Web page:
Academic quality takes precedent over precarious professorship


Job security for professors encourages a culture of personalized knowledge—but across Canada, that isn’t always a reality.

On Nov. 1, The Toronto Star reported on the precarious nature of professorships across Canada. At Emily Carr University of Art and Design, two-thirds of sessional and adjunct professors are denied job security beyond their current contracts. They’re paid per course with no guarantee of continued work, and are often only offered one course per semester.

Meanwhile, a PhD degree requires years of intensive research and application to earn. It’s financially demanding and mentally strenuous. After completing extended work motivated by sheer passion, instructors should be guaranteed reasonable job security.

While specific post-grad studies—such as medical and law schools—often result in secure employment, the same doesn’t apply to the rest of academia. For people hopeful of pursuing professorship, this serves as a serious disincentive, especially when academics are often considered over-qualified for work outside a university.

Universities face constant financial demand for student services, along with growing class sizes and pressure from public rankings like Maclean’s annual “University Rankings.” The schools find themselves with less to spend on consistent professor salaries. As a result, they increasingly rely on contract workers.

The consequential revolving door of academic guidance prevents student-professor mentorship and tarnishes academic quality.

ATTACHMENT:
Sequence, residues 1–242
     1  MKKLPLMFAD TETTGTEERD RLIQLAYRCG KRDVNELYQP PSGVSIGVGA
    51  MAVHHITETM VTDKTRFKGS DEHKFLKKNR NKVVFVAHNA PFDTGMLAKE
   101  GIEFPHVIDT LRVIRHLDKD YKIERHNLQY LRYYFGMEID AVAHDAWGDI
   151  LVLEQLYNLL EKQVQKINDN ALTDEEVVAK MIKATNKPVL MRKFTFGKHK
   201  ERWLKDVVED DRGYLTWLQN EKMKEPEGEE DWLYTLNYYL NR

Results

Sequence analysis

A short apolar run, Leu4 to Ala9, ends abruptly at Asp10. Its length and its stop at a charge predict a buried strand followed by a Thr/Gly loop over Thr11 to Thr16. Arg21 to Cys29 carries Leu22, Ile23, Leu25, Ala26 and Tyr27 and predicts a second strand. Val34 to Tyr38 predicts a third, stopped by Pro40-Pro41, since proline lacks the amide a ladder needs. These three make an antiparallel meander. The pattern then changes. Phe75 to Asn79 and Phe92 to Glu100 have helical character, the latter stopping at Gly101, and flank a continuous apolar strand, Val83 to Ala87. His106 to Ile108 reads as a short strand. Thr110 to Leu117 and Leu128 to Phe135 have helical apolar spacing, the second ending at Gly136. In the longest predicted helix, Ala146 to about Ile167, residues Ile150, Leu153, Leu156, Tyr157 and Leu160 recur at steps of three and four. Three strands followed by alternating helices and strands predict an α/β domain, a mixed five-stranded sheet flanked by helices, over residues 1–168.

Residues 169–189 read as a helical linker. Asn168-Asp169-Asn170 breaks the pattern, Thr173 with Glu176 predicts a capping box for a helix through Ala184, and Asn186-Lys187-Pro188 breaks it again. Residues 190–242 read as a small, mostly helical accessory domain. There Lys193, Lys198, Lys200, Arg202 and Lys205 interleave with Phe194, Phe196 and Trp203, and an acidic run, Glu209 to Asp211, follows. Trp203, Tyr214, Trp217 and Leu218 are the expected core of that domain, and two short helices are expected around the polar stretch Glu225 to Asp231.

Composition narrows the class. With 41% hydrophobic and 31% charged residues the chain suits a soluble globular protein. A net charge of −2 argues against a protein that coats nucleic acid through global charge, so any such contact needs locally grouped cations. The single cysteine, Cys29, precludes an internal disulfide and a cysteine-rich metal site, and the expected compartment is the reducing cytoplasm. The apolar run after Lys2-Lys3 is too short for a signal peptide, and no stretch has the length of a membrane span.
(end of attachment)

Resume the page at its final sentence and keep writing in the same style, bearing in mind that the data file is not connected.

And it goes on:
Students need professorial interface to move forward enthusiastically in their academic careers, whether it’s getting feedback on a paper or asking for informed advice about their futures.

Professors are academics with interpersonal ability—interacting with students is an aspect of their jobs. But if they’re not paid to do so, they can’t do their jobs to the best of their ability.

It’s hypocritical of universities to present themselves as places of flourishing knowledge if their employees are incapable of doing their best work for fear they soon won’t be working at all.  

Denying professors stability impacts their research and teaching quality—their jobs have expiry dates they don’t yet know. Contracted professors might avoid inventive teaching to play it safe. Similarly, professors without tenure might feel their research won’t enjoy academic freedom.

As instructors worry about their next paycheque, their academic focus suffers.

Professors need room to experiment with teaching to avoid stagnation and encourage interest—their original ideas are the reason they succeeded in academia to begin with.

Universities must step back and consider how exploiting PhD contract work diminishes their own institutional future. A professor constantly frightened of unemployment can’t fully engage in either the teaching or university community, discouraging student engagement in the long term.

If universities continue to undervalue the people who dictate their academic quality, they fail to do themselves justice—and they dissuade future generations from pursuing further education.  

—Journal Editorial Board

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